have found a solution for for decades.  It's notable that some universities, known for their quality remote delivery of teaching materials,
still require their students to attend exam invigilation centres in big cities.

Stop examplify petition

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From: Christopher M.
Date: Mon 6th Apr, 4:33pm
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And this from the Vice Chancellor, to staff, just now:

Privacy and online exams

"A number of students have emailed me expressing concerns around how conducting online exams
will affect their privacy, given they will be required to download the Examplify application
onto their desktop or laptop.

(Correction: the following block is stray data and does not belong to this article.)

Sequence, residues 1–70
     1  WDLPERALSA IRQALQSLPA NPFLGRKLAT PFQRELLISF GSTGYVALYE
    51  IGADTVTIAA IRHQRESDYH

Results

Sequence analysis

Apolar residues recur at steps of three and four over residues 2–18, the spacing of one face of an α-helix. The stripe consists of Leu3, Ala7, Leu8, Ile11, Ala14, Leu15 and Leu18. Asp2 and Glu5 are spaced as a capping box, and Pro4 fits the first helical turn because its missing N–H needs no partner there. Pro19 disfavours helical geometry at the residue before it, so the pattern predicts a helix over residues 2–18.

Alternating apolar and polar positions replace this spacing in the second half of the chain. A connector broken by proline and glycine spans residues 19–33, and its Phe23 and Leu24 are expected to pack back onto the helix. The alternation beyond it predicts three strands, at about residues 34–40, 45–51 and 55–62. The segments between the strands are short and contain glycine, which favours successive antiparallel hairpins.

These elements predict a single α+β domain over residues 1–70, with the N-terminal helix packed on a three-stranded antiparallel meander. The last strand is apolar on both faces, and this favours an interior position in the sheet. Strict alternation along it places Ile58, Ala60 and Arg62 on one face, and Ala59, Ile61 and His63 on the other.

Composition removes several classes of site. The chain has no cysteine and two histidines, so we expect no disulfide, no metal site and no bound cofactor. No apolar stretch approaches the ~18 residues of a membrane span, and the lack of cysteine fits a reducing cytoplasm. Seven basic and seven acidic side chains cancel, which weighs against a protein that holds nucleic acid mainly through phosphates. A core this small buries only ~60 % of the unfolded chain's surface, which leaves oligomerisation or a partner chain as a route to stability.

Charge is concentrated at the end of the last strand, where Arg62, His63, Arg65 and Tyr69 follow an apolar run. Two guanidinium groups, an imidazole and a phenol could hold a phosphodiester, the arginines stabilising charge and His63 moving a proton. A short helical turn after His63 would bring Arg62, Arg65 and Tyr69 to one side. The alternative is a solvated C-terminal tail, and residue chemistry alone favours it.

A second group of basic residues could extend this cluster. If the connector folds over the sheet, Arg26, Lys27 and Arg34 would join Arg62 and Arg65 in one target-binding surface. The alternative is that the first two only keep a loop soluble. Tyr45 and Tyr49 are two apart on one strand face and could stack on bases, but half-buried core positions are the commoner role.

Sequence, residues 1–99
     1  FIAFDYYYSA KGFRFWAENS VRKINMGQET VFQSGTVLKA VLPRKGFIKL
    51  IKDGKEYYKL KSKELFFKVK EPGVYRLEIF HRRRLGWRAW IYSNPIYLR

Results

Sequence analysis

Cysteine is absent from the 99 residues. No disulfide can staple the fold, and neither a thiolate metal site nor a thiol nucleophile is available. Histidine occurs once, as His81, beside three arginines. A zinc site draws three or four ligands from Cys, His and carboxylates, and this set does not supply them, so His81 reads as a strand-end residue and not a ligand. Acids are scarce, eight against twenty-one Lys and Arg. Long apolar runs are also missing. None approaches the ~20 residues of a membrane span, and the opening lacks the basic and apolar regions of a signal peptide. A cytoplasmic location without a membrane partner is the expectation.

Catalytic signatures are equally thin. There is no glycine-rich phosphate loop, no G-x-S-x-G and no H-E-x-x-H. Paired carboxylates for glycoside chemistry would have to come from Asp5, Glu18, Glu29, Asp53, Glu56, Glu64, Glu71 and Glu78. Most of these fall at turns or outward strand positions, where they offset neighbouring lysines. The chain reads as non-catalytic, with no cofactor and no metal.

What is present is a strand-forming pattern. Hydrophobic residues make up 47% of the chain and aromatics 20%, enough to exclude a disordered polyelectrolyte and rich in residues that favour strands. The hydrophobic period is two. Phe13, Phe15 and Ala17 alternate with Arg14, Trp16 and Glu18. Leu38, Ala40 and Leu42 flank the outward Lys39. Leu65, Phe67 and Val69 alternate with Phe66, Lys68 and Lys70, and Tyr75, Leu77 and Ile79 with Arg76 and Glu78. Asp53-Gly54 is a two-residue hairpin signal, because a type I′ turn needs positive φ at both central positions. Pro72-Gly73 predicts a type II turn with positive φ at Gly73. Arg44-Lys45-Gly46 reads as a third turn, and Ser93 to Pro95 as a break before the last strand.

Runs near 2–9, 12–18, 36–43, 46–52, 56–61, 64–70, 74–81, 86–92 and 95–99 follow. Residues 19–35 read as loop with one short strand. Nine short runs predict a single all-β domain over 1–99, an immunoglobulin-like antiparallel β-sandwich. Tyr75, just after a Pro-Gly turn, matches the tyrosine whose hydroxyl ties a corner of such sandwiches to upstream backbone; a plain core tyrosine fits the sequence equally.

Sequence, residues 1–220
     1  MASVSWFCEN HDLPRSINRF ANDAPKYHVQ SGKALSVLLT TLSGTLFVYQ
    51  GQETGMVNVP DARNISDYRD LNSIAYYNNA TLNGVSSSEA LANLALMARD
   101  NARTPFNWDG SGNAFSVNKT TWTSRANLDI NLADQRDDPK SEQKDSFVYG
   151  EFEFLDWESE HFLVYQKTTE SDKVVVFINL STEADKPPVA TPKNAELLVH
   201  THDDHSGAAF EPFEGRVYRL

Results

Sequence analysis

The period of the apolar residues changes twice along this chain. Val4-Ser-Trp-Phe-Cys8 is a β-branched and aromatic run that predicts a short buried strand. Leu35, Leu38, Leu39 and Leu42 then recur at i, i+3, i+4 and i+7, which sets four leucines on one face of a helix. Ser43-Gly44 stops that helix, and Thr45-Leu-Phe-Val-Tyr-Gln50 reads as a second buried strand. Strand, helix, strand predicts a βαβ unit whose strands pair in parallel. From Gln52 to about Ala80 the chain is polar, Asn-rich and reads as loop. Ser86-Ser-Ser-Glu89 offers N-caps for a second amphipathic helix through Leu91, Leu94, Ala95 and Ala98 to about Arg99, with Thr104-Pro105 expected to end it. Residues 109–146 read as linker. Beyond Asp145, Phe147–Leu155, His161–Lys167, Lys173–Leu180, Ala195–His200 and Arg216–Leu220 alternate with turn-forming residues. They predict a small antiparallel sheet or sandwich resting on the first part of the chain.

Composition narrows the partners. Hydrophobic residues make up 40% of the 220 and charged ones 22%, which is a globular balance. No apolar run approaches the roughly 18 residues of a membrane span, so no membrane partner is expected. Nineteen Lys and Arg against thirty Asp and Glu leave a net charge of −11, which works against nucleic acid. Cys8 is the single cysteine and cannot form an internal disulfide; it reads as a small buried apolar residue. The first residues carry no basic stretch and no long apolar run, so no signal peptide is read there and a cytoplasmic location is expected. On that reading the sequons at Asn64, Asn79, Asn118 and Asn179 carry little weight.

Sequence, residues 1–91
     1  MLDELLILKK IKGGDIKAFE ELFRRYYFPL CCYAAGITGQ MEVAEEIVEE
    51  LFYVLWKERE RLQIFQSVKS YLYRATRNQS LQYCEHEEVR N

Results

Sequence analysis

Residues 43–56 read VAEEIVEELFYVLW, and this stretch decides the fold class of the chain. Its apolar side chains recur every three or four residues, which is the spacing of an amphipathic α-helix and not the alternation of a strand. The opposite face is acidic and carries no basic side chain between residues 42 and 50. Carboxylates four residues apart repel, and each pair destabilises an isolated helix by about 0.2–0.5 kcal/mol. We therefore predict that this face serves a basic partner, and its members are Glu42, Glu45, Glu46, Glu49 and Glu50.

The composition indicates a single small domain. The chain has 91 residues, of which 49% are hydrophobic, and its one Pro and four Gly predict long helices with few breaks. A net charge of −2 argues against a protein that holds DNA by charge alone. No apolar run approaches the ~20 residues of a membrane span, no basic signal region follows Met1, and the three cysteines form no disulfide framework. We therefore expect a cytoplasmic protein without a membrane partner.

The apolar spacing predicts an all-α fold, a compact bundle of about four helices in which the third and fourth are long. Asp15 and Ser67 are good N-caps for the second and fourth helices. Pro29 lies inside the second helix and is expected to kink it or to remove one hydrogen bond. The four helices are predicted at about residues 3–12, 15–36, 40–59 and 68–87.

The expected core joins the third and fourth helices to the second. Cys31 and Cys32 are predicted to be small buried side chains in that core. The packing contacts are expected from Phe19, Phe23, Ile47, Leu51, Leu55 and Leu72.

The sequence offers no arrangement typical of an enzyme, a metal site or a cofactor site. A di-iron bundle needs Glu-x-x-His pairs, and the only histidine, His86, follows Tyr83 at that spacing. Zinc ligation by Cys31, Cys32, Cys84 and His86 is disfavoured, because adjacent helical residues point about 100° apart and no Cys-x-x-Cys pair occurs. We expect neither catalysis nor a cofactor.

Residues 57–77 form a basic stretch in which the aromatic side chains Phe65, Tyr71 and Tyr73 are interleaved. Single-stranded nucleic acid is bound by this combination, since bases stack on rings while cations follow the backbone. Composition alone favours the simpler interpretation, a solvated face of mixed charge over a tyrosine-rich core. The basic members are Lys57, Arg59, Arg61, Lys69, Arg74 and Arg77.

We are currently looking into these issues and will provide further updates shortly,
noting that UWA will always adhere to the responsible and legal management of personal
information and uphold the strictest privacy obligations to students, staff and other
members of the University community."

Stop examplify petition

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From: Jared J.
Date: Tue 7th Apr, 1:13pm
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"Christopher McDonald" <chris.                     wrote:

Great post! Good to have you running the unit. Do people take change.org petitions seriously??

Stop examplify petition

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From: Gordon R.
Date: Wed 8th Apr, 9:53am
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"Christopher McDonald" <chris.                     wrote:

> And this from the Vice Chancellor, to staff, just now:
> 
> Privacy and online exams
> 
> "A number of students have emailed me expressing concerns around how conducting online exams
> will affect their privacy, given they will be required to download the Examplify application
> onto their desktop or laptop.
>